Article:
Titan's Plains: Global Distribution and Possible Origin

Abstract : Titan's diverse and Earth-like geologic features have been mapped and interpreted based on their morphological characteristics (Lopes et al., 2010, Icarus 205; Aharonson et al., 2012, Titan: Surface, Atmosphere, Magnetosphere, Cambridge University Press). While the interpretation for the origin of some units, such as dunes and well-preserved impact craters, has been relatively straightforward, others have been more challenging. In particular, the undifferentiated plains first mapped by Lopes et al. (2010) remain mysterious. These vast expanses, mostly found at mid-latitudes are relatively featureless and appear to have low relief. Their gradational boundaries and paucity of features in SAR data make geologic interpretation particularly difficult using only this dataset. Plains may be sedimentary in origin, resulting from fluvial or lacustrine deposition or accumulation of photolysis products created in the upper atmosphere. Alternatively, the plains may be cryovolcanic, consisting of overlapping flows of low relief, obscured by accumulation of sediments. In this paper, we use SAR, radiometry, scatterometry, and SARTopo data to examine the characteristics of the plains and compare them with other geologic units. We also compare their global distribution with that of other units and examine the implications of a possible cryovolcanic origin.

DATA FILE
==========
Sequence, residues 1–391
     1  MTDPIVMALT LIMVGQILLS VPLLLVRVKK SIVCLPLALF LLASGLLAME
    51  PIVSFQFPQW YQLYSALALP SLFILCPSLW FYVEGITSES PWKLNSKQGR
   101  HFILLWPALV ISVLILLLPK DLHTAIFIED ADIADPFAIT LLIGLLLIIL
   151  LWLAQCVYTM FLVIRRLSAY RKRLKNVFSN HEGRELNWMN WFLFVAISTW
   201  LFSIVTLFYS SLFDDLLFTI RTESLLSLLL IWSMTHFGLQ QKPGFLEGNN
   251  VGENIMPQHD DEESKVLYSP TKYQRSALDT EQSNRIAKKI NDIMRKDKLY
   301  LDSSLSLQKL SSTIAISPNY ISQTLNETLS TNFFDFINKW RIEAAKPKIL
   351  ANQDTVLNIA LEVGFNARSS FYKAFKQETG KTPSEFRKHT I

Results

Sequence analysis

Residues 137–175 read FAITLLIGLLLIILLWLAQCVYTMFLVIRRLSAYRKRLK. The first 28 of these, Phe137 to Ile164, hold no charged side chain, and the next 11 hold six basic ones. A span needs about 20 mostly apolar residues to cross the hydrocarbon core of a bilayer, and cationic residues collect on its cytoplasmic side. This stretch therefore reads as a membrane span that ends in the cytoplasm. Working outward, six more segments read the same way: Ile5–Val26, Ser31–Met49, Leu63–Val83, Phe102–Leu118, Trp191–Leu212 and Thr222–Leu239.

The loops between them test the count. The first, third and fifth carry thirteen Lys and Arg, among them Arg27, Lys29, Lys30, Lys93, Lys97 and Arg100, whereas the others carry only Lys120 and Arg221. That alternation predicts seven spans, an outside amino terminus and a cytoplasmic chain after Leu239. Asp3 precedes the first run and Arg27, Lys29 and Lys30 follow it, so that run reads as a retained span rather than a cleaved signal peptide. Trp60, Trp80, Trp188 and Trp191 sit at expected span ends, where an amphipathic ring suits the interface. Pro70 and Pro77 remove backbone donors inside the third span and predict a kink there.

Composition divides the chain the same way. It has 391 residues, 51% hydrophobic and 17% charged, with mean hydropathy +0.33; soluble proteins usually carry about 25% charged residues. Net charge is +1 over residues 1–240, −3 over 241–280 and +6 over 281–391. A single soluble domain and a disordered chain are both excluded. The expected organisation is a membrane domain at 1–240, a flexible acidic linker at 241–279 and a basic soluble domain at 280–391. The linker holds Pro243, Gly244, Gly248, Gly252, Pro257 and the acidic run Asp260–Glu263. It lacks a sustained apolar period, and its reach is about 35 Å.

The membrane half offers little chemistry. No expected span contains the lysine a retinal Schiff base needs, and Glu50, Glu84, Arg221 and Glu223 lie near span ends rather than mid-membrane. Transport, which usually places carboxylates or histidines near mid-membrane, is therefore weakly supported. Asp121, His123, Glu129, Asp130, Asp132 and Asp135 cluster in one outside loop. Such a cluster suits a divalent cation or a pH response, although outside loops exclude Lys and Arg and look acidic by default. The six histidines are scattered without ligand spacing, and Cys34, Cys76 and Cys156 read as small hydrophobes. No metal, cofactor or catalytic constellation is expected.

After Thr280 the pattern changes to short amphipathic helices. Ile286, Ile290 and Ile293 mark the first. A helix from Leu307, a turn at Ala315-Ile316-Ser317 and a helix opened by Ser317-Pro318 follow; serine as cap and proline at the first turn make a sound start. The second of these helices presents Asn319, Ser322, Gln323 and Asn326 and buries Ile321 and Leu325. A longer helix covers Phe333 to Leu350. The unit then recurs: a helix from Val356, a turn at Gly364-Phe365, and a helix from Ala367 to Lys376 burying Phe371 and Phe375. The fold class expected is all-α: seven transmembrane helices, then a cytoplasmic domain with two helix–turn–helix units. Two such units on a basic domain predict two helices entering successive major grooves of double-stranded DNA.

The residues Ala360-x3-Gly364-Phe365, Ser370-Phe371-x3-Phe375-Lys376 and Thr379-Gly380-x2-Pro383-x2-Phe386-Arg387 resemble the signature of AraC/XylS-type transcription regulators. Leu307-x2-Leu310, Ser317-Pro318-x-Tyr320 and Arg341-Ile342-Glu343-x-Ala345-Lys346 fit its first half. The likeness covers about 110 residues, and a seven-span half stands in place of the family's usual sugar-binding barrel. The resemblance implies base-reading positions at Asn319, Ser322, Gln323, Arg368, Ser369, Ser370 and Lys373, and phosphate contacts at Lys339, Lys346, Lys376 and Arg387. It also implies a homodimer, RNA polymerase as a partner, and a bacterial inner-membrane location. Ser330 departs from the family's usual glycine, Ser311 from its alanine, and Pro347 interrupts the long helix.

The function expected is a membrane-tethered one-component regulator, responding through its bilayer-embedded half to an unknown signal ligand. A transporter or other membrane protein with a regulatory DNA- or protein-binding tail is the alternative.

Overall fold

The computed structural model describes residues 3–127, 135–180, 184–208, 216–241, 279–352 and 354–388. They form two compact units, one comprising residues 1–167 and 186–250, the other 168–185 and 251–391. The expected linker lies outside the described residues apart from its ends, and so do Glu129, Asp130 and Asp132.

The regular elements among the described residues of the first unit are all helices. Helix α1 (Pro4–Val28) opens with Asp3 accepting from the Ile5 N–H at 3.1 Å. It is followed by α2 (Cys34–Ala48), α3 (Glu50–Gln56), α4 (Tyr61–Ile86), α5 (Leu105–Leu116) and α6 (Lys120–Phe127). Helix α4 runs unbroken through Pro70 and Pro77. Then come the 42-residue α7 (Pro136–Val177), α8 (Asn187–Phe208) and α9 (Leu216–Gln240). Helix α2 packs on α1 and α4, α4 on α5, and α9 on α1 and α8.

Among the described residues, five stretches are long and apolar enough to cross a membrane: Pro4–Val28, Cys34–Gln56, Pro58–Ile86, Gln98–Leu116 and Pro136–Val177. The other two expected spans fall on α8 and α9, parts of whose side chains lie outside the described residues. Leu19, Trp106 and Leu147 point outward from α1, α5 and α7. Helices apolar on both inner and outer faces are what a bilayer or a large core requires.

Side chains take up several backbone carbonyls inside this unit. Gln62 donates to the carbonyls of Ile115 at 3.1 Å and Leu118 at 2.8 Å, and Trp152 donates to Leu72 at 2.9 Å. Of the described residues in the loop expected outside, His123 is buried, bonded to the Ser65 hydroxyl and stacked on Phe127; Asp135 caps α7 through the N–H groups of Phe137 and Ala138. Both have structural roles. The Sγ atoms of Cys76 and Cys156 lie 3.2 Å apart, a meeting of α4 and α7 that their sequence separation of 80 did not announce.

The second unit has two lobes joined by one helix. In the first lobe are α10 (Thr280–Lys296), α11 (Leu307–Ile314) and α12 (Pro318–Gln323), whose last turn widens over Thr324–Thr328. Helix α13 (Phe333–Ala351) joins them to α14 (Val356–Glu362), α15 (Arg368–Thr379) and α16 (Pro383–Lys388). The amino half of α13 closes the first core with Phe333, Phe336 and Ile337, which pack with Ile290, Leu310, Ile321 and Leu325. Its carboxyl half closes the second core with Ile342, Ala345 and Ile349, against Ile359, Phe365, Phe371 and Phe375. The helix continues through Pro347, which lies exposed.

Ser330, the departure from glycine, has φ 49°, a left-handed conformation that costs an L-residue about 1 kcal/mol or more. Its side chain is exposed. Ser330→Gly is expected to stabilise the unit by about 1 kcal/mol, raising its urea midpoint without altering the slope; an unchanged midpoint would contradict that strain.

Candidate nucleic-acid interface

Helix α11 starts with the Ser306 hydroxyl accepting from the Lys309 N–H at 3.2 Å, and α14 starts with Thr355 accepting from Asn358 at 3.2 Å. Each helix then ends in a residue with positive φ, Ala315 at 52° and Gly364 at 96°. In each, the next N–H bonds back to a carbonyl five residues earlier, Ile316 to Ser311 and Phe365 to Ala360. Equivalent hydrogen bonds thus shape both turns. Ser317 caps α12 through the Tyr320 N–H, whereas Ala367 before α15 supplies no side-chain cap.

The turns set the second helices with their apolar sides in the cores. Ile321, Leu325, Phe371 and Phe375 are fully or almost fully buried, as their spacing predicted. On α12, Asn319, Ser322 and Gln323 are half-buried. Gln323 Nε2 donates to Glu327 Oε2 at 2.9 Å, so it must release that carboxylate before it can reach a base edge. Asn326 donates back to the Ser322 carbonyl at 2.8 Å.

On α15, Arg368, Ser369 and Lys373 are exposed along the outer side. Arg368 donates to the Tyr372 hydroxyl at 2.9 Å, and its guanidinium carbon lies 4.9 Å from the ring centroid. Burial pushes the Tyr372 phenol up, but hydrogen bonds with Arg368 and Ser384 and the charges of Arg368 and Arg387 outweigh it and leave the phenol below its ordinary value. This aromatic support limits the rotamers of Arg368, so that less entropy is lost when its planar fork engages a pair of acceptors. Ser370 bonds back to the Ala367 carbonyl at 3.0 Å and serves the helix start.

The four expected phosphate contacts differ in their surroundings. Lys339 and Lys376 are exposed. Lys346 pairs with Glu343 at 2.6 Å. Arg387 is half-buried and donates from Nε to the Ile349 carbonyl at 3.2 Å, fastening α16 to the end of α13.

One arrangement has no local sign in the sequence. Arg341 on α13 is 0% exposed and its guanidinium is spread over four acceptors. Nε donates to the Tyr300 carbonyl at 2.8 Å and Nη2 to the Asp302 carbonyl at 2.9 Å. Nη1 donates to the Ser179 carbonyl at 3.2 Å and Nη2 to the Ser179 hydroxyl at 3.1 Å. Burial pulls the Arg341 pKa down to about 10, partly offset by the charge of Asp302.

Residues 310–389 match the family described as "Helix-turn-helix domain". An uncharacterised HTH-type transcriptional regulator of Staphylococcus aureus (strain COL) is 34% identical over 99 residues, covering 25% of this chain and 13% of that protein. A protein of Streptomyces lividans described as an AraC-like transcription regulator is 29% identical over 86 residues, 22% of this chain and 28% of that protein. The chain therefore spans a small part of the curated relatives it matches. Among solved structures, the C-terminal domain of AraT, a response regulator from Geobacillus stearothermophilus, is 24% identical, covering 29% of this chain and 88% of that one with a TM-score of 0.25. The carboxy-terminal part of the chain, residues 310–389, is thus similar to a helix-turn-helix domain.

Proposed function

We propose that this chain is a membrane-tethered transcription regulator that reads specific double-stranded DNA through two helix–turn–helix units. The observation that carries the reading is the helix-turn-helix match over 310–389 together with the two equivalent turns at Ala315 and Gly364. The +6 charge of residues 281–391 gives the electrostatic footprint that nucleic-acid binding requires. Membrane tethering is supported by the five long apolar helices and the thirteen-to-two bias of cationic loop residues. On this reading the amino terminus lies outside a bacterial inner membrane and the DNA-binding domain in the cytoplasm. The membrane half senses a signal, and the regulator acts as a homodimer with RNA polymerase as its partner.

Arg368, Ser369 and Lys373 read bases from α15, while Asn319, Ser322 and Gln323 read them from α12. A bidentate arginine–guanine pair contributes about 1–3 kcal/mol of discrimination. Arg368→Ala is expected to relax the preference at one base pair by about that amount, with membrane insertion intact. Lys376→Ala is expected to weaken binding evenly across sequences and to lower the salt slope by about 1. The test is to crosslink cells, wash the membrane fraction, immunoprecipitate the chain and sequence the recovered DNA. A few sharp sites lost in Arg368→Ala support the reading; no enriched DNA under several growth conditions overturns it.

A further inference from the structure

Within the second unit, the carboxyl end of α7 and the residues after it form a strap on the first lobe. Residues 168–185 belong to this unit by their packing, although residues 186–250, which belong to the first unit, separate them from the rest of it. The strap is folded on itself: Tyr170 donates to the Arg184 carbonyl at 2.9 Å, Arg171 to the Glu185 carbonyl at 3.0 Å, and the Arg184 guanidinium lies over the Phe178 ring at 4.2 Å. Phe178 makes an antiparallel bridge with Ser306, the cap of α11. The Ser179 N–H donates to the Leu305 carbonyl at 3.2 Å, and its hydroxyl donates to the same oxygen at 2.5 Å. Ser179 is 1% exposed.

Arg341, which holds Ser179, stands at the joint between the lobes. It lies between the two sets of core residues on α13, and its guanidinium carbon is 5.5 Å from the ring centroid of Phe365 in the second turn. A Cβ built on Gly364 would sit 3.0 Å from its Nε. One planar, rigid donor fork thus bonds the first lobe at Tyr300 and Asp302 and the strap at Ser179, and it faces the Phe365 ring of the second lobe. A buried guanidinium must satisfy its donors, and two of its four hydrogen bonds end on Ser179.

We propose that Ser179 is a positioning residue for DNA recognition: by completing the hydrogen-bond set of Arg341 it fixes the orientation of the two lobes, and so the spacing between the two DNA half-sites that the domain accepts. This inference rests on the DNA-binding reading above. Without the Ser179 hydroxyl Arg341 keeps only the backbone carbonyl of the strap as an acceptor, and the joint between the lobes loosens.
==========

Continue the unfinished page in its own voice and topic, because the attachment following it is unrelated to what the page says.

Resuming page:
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Submitted on : Friday, October 24, 2014 - 1:40:50 PM
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R. M. Lopes, Alice Le Gall, R. L. Kirk, J. S. Kargel, E. R. Stofan, et al.. Titan's Plains: Global Distribution and Possible Origin. American Geophysical Union, Fall Meeting 2012, Dec 2012, San Francisco, United States. pp.abstract #P21E-1883. ⟨hal-01077305⟩

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